Making Green and Economical Changes

Finding ways to go green and save money is the key;

Tight budget? You can still switch to green in your home
For consumers who want cost-effective ways to eco-friendly energy, there are many options Homeowners battling rising utility bills and concerned about their carbon footprint can go green and cut energy costs.

Half of all carbon emissions come from buildings rather than cars and other sources! – yet there are various eco-friendly methods available to adopt a greener attitude to energy needs.

OPEN WINDOW 2

These vary from simply fitting low-energy lightbulbs, which burn for four times as long as standard bulbs, to installing sophisticated “microgeneration” equipment such as solar panels and thermal heating systems.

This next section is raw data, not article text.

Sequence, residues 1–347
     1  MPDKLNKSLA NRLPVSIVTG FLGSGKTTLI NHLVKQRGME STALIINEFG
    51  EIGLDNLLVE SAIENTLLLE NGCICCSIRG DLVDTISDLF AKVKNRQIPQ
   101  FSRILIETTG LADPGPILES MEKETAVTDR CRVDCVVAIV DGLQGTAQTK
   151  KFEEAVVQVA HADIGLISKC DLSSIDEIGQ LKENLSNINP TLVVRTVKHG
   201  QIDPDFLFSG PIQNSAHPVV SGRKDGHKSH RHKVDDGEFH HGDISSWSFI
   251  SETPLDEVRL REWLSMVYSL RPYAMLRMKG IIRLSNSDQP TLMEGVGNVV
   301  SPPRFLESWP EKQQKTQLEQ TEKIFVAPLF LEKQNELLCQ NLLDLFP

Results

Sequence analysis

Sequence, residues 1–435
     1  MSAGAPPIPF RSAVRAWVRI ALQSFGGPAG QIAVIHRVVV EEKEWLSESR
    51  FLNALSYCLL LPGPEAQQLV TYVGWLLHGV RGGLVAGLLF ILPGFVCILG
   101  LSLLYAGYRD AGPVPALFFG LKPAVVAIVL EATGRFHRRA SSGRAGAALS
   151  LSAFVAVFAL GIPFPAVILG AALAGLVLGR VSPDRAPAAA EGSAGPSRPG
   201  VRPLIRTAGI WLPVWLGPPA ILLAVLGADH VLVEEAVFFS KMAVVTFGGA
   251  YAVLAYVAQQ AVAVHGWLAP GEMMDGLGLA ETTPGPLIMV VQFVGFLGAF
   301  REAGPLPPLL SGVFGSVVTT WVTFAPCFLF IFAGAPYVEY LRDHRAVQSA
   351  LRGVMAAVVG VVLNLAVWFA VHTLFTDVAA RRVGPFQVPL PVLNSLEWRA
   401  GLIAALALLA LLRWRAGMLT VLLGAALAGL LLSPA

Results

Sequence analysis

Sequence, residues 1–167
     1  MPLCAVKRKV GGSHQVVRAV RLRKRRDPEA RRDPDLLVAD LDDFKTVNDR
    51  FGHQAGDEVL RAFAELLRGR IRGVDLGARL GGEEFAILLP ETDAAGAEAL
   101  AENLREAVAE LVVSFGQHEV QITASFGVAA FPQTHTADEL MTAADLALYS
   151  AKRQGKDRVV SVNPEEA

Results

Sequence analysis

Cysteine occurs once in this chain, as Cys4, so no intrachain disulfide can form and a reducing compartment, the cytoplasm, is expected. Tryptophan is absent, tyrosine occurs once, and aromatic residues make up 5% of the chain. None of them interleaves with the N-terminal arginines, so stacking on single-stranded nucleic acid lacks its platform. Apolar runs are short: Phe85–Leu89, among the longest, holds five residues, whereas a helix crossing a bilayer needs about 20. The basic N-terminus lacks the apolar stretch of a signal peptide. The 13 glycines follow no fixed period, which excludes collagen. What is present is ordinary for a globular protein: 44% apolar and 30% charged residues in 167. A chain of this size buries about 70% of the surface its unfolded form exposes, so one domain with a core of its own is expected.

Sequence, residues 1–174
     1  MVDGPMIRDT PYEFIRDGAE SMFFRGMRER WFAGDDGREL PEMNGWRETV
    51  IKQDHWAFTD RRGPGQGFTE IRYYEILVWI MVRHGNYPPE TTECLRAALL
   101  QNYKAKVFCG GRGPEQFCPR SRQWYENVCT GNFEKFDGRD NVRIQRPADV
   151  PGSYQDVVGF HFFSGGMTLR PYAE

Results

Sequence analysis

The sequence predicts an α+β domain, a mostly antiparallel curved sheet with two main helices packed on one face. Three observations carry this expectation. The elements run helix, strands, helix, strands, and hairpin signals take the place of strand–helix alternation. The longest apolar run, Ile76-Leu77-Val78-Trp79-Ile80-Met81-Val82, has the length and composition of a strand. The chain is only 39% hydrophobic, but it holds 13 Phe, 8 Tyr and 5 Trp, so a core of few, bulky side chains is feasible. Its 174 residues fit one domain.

Eco-friendly portfolios: buyers fill up on guilt-free nest eggs!

Nest Egg
“Rising energy prices have had the knock-on effect of generating a large amount of interest in micro-technology and how to create electricity at home.”

Yet for those on a tight budget but keen to brush up their “green” credentials, there are numerous options.

For example, electricity display units (EDU) can be bought for the home. These show you how much energy you are using when making a cup of tea, for example, or watch your favorite television program, encouraging homeowners to consider their energy usage more carefully and reduce it – along with their bills.

  
Other popular changes to create a greener home life include recycling, adding loft and cavity-wall insulation and switching to doubleglazing.